At West Point, President Barack Obama found it hard to defend the incoherent mess representing his foreign policy. The president has resisted persistent neoconservative demands for multiple new wars and interventions. But he usually rushed to the inconsistent middle, entangling the U.S. unnecessarily without achieving even his limited ends.
Despite sharp criticism of his speech from the right, Barack Obama got a lot right. For instance, the constant complaint by uber-hawks that the world is dangerous misses the fact that the world is not that dangerous for the U.S.
“By most measures, America has rarely been stronger relative to the rest of the world,” not the president. Indeed. “Our military has no peer,” he said. “The odds of a direct threat against us by any nation are low, and do not come close to the dangers we faced during the Cold War.”
“Why does America spend so much on “defense” when it has so little to defend against?”
Yet Barack Obama failed to answer the obvious question: Why does America spend so much on “defense” when it has so little to defend against? In fact, the Department of Defense has little to do with protecting America and mostly with subsidizing prosperous and populous allies in Asia and Europe, which have become the international equivalent of welfare queens.
The president did point to “new dangers,” such as terrorism, the most serious ongoing security threat to the U.S. However, terrorists do not target Americans because we are so free, but because our government bombs, invades and occupies — and otherwise intervenes all over the globe. This is not to justify, but to understand. The more Washington intervenes, the more it exposes its citizens to terrorist threats.
The president warned that Moscow’s aggressive actions have unnerved “capitals in Europe” — which he failed to acknowledge has a collective GDP and population bigger than America’s and much bigger than Russia’s. Barack Obama cited China’s growing economy and “military reach” which “worries its neighbors.” But Beijing has neither the ability nor desire to battle America. China’s neighbors should develop the means to defend themselves.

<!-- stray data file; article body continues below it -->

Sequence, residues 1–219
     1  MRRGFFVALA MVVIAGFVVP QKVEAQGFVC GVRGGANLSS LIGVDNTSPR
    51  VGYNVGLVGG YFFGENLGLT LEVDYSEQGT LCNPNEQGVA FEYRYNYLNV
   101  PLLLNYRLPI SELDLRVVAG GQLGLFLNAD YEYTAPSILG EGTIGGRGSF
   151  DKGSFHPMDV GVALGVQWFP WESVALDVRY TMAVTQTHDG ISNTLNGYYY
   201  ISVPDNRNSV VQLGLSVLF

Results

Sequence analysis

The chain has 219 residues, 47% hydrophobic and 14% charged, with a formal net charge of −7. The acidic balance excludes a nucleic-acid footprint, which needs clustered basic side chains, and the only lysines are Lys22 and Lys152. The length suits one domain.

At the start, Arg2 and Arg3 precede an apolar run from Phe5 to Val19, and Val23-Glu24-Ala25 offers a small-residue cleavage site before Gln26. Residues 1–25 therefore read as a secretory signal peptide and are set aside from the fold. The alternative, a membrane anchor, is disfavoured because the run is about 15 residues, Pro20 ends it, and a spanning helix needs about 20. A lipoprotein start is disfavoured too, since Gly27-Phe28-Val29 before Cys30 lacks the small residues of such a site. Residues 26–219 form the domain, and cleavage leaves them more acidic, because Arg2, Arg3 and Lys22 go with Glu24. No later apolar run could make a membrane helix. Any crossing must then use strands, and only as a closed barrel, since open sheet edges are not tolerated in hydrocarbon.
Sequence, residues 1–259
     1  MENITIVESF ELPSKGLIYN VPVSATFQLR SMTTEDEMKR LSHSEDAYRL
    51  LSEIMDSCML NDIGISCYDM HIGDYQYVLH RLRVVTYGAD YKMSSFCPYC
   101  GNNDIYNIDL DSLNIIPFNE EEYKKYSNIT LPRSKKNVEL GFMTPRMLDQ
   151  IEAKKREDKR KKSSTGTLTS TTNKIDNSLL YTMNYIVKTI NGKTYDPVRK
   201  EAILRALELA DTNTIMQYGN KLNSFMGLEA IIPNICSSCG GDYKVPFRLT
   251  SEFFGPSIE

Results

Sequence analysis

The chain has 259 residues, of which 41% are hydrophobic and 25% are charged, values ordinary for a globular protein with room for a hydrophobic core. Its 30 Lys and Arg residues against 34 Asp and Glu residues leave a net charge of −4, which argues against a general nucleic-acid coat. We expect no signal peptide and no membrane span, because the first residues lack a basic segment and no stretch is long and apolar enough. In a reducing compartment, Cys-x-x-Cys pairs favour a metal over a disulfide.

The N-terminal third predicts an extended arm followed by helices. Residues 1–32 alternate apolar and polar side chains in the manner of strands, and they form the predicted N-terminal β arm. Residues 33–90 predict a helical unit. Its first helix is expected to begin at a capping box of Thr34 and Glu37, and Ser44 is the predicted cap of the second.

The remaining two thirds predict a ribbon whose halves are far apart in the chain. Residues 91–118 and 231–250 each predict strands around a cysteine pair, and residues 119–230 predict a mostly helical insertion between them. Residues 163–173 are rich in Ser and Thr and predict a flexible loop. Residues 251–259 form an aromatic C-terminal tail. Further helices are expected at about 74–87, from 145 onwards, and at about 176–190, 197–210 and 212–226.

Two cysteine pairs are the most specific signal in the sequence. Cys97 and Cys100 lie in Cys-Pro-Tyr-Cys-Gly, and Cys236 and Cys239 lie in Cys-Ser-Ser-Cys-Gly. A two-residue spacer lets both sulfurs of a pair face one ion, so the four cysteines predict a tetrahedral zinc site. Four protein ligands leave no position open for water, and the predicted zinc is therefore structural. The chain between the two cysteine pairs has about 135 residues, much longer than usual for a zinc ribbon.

As was inevitable, President Obama attacked the straw man of “isolationism.” Yet the president inadvertently articulated an argument for nonintervention when he spoke movingly of promoting a “world of greater freedom and tolerance” while adding “to say that we have an interest in pursuing peace and freedom beyond our borders is not to say that every problem has a military solution.”
President Obama’s strongest criticism was reserved for neoconservatives. The president pointed out that “Since World War II, some of our most costly mistakes came not from our restraint, but from our willingness to rush into military adventures — without thinking through the consequences; without building international support and legitimacy for our action, or leveling with the American people about the sacrifice required.”
He rightly emphasized the importance of empowering other nations to combat terrorism. But his most detailed example, Afghanistan, was a poor one.
Attempting to create a competent, honest, and efficient central government in Kabul was a worthy but not particularly realistic goal, and certainly not one worth thousands of American lives and hundreds of billions of U.S. dollars. Far less costly would be ensuring that all combatants in a conflict like Afghanistan understand that cooperating with al-Qaida or other terrorist bands ensures terrible retaliation.
In calling for support for democracy President Obama ignored Washington’s flagrant hypocrisy. For instance, he said of Egypt: “We have not cut off cooperation with the new government.”
For three decades the U.S. subsidized a brutal dictatorship. When President Mohammed Morsi was overthrown, Washington refused to admit that a coup had occurred and then follow the law, which required cutting off aid. Since then Secretary of State John Kerry has declared the military regime to be restoring democracy even as it was shooting protesters, imprisoning thousands of opponents, torturing those detained, and sentencing hundreds of people to death in mass trials.
Far better than such unprincipled “cooperation” would be nonengagement.
The president closed with a call for global leadership and an ability to “see the world as it should be — a place where the aspirations of individual human beings matter.” But real leadership requires humility, prudence and wisdom in pursuing that dream. The ultimate folly is treating people as infinitely malleable, to be shaped and molded against their will through a few bombing runs, an occasional invasion, or a thorough military occupation.
President Obama has exhibited caution where the neoconservatives demanded conflict. He should have forthrightly embraced a policy of more consistent nonintervention.